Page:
My intention was to mostly practice ZvZ, it was my worst matchup and there would be plenty of Zergs. However, I knew my matches vs Probe could be crucial, so I also tried to keep my ZvP on point. ZvT, well I just barely practiced at all, though awkwardly enough the two open bracket players to join my group were both Terran.

I kind of wish I'd utilised my ZvZ time more effectively though. I was struggling to get rid of some bad habits and adapt to the subtle meta changes. I was also sick (a rarity for me) for just over a week right before flying out. These factors left me concerned about my skill level and rendered my preparation down to "do these builds and hope they don't do this." In fact, my skill level was probably higher than I thought and I sold myself short. My gameplans should have been much clearer.

Q) I do remember your "Roach bane everybody" notebook, good to see you with a very in depth line up of builds at your disposal to utilise at the event ;)

Now finally, with Legacy of the Void being set to release later this year and the last ACL early next month, have you given any thought about switching to the beta to give yourself the greatest chance for success for when its time to switch over to the new expansion? Or do you think you can put LotV off while the meta is still undiscovered and the game is still not yet balanced, then adapt to the expansion at release?

I've considered it, even just to mix it in for some fun. Really though, my thoughts are now solely on ACL Melbourne. I remember sitting in the airport after Sydney having really enjoyed my first overseas event and obtained my goal of Top 8. Yet there was a lingering thought in my mind that I had settled for Top 8 once I made it and had underrated myself. There was a real sense of 'that could have been even better.' I think that was the biggest lesson I learned; don't underrate myself or be afraid to set higher goals. WCS showed that I can be amongst the best in SEA if I give it everything in every series and believe in my game.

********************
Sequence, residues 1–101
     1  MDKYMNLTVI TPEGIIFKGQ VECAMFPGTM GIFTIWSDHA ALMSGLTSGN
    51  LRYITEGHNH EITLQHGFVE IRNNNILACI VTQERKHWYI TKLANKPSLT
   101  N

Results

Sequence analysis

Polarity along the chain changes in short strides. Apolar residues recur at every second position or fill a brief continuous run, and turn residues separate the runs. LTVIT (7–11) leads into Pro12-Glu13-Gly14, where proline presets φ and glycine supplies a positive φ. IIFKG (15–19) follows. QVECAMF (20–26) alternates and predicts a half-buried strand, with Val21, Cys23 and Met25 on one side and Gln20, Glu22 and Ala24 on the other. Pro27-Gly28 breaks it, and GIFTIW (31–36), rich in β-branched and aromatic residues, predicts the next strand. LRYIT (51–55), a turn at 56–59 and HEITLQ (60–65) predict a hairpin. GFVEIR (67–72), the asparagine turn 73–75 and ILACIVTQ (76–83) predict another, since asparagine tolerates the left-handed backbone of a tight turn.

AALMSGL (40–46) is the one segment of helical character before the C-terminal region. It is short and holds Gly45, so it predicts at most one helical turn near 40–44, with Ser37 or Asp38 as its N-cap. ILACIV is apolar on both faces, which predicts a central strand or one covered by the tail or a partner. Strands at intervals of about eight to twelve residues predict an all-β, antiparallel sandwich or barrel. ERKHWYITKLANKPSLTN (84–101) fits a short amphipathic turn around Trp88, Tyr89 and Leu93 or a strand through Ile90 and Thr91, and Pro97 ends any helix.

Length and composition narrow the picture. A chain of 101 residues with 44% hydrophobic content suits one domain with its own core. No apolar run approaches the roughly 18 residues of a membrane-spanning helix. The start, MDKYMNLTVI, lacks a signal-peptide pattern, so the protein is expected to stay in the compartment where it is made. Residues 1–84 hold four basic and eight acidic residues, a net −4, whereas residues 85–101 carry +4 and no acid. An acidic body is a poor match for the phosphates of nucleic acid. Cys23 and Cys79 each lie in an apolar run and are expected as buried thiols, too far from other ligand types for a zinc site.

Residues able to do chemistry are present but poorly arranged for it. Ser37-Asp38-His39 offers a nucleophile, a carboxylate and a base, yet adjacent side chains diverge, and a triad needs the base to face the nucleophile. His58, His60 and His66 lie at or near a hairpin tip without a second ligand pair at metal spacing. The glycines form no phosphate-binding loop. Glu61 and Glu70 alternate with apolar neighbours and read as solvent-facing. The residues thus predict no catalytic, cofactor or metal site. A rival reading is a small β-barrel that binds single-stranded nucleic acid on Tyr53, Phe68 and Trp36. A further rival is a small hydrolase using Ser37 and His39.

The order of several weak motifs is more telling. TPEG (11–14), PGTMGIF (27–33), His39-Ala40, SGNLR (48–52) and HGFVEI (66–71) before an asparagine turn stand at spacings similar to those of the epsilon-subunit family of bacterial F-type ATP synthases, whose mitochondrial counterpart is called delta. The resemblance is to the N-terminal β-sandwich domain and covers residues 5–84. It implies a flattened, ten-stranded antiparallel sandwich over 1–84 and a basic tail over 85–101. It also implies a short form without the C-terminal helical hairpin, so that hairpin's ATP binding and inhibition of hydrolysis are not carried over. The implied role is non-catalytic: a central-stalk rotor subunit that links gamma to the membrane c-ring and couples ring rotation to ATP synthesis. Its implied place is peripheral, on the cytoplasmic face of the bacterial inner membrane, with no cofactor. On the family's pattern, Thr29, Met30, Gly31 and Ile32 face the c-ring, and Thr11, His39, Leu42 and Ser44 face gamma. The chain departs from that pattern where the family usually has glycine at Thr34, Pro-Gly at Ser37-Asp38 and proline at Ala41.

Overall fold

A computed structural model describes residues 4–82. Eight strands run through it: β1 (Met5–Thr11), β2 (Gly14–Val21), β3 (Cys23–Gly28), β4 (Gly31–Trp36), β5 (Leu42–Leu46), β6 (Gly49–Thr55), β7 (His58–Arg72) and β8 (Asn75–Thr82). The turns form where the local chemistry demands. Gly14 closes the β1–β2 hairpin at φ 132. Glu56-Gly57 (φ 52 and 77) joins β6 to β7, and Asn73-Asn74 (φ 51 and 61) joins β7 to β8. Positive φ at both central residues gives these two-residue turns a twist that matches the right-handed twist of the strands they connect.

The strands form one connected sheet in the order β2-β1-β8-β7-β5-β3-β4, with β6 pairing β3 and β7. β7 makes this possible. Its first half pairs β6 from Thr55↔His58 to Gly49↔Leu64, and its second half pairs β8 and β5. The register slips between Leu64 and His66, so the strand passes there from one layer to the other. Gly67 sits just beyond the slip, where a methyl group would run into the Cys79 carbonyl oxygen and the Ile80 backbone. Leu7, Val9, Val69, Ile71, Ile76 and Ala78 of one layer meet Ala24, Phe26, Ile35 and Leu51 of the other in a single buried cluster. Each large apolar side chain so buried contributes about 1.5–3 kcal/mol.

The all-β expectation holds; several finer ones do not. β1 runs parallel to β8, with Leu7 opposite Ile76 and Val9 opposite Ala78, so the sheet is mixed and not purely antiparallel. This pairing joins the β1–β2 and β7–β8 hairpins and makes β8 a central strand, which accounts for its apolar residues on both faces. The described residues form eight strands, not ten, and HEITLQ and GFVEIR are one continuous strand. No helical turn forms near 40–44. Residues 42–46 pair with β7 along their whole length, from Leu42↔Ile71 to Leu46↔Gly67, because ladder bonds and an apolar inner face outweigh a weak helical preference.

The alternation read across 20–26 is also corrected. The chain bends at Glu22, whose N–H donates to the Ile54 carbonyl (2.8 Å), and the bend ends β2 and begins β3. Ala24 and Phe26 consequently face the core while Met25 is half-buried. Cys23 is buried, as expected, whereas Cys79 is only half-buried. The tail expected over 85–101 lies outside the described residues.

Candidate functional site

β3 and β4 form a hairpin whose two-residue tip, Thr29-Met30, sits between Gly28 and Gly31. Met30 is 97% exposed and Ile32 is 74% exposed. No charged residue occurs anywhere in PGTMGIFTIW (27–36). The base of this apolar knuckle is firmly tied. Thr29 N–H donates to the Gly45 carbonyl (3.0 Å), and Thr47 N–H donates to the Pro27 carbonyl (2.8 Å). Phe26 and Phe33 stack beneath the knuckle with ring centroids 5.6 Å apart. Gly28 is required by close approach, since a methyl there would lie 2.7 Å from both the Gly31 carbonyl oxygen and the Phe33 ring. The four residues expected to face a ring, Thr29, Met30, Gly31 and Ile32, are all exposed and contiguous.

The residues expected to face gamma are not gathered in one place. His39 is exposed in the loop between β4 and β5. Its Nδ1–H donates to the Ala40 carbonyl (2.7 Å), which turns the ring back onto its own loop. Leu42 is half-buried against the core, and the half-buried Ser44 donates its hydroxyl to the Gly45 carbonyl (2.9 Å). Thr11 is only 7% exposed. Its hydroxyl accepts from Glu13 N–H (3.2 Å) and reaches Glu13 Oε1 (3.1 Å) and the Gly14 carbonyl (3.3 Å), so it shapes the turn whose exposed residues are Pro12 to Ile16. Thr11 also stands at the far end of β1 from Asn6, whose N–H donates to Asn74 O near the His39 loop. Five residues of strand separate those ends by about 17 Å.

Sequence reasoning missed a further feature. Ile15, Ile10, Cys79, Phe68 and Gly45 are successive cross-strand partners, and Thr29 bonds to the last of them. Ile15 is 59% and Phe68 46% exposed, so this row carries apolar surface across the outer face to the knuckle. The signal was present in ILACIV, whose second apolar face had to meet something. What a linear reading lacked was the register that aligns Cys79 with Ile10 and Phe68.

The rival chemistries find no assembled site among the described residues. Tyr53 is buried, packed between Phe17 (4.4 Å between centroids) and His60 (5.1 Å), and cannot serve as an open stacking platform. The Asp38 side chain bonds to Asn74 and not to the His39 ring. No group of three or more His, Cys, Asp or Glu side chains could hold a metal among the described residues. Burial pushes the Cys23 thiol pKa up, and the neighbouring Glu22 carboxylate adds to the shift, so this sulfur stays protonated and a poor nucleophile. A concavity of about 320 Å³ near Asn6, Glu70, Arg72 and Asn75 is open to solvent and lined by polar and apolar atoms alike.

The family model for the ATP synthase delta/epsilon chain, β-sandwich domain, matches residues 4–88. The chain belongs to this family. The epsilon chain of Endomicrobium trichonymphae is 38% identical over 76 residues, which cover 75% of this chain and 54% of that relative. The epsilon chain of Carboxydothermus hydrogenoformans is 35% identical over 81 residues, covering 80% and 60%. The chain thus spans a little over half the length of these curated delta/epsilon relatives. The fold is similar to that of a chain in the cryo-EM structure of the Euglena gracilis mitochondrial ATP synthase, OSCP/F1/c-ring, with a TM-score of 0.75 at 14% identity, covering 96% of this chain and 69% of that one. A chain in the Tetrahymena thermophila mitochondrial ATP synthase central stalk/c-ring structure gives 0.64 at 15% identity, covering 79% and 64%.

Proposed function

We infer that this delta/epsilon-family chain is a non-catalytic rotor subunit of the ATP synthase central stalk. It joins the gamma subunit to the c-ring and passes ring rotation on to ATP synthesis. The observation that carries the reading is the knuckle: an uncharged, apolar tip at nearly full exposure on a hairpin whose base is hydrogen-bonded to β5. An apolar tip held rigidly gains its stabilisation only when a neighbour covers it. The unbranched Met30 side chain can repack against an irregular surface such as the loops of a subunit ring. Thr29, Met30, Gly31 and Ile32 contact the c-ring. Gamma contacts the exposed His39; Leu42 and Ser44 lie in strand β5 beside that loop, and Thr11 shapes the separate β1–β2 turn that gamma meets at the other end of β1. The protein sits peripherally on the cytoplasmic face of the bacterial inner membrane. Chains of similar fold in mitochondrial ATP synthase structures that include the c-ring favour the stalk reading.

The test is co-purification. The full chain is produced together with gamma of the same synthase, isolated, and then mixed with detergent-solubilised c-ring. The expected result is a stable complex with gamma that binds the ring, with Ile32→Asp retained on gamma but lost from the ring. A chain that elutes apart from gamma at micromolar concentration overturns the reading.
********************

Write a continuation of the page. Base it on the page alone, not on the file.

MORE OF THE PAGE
So sorry for going off on a bit of a tangent there; I guess it just gives a clear indication that Melbourne is my focus and I'll think about LotV after that point. I'm fairly comfortable I can adapt to it, even though I'm obviously busier these days with work and so on. I've always been good at keeping up with the meta and watching the pros, so that will help greatly. They are still making considerable changes, so I'll ensure all the major HotS events are cleared before I jump into it.




Q. Good to know you'll still be kicking around when LotV gets released. It will also be very interesting to see how you go when at ACL Melbourne. Thank you so much for conducting this interview with me! Are there any shout outs you want to give just to end?

Thanks very much for interviewing me! Shoutouts to the fray guys for putting up with me, everyone who went to ACL Sydney for making it such a great event and to anyone who's gone 3vo recently for making me feel better about my unfortunate incident ;) Also thanks definitely goes out to our sponsors Razer, Gametraders and MiCiS consulting!